Elizabeth: Web presence is a MUST in today’s market. You have to get your name out there to build your audience. It’s a hard truth to swallow, especially for those shy souls (*cough* me *cough*) who just want to write by candlelight in a cave, but it is a necessity. With so many books flooding the market, it’s important to stand out in the crowd. And, as Dorothy said, what’s the best way to stand out in a crowd of faces? Be someone a reader recognizes.
You are both authors with your own books out too! Tell us how you made that happen.
Dorothy: Lots of hard work. MY SISTER’S REAPER is not the first book I’ve written. The first three I wrote just didn’t make the cut in the eyes of agents and editors, so I kept on working to achieve my goal. You’ve got to have a tough skin in this business, learn to dust yourself off from rejection, and persevere. For MY SISTER’S REAPER, I entered a pitch contest on YALitChat. It was an agent-judged contest, and I came in under the top ten. When the top three winners were announced, my name wasn’t on the list, so on I went to enter another contest and send out a few query letters. As luck would have it, Georgia McBride, who owns YALitChat and Month9Books, had her assistant contact me to let me know they liked my pitch and asked if they could read my story. The next thing I knew, they offered me a two-book publishing contract. It was amazing! MY SISTER’S REAPER is available now, and the sequel comes out in the spring of 2014.
Elizabeth: I’d love to say it came easy, but that would be a gigantic lie. It was hard.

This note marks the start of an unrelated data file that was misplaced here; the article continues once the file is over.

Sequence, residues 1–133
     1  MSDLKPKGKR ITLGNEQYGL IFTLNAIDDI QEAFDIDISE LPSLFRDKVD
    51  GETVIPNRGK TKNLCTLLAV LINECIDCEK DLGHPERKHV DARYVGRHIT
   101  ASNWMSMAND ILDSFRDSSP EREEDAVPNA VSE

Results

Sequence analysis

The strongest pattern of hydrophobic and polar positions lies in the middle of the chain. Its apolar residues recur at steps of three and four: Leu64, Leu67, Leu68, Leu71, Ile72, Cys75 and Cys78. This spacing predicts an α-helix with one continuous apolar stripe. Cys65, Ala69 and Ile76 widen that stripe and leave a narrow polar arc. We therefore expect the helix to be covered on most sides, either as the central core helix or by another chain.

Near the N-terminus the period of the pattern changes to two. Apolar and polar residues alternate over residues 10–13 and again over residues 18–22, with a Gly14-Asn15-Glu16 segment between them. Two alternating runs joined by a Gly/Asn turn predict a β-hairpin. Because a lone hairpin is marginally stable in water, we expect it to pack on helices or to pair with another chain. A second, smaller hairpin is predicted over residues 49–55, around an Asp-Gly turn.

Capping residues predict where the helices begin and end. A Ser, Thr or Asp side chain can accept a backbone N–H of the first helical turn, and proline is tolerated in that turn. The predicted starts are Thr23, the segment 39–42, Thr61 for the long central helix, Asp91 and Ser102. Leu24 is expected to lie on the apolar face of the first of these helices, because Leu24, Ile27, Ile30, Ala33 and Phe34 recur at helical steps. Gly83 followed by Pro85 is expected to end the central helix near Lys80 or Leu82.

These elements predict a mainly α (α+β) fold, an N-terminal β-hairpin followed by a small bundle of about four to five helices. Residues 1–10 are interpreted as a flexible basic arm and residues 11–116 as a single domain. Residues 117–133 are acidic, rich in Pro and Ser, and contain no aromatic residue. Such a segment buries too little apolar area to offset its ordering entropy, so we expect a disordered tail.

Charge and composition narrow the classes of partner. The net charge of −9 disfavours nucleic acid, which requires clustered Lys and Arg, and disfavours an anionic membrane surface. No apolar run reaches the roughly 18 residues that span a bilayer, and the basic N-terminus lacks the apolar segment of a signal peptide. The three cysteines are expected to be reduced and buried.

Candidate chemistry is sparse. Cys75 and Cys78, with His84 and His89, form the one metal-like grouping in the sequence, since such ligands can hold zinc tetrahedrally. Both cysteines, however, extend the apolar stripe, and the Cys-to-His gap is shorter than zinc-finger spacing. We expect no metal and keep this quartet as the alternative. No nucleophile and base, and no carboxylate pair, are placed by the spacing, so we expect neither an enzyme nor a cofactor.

I wrote my first novel when I was eighteen. It was awful. (Don’t tell eighteen-year-old Elizabeth that. She thought it was AWESOME!) Then life got in the way and it took me twelve years to give writing another try. That second book was tons better, but still not quite there. But in the edit, send to betas, revise, repeat process, I learned a lot about writing and the publishing industry. I used all of that hard-earned knowledge and wrote CALL ME GRIM.
I was lucky enough to snag my wonderful agent, Lindsay Ribar, in my second round of queries. She sent my novel to Month9Books, where some wonderfully fabulous person (I wish I knew who it was, so I could send them chocolate kisses) read it and liked it enough to send it along to Georgia McBride, owner of Month9Books. Much to my delight, they bought CALL ME GRIM and the second book in the series. CALL ME GRIM is scheduled to release Fall 2014 from Month9Books.
About Dorothy and Elizabeth
Dorothy Dreyer: I’m a Philippine-born American living in Germany with my husband and two teens. I write young adult books that usually have some element of magic or the supernatural in them. Find Dorothy on Twitter, Facebook, and Google+!
Elizabeth Holloway: I am an author and a maternity nurse living in Southern Pennsylvania with my two teen children and our pets. In addition to nursing and writing, I also read avidly. My first novel, CALL ME GRIM, will be published by Month9Books in Fall 2014. I’m represented by Lindsay Riber of Sanford J. Greenburger Associates. Find Elizabeth on Twitter!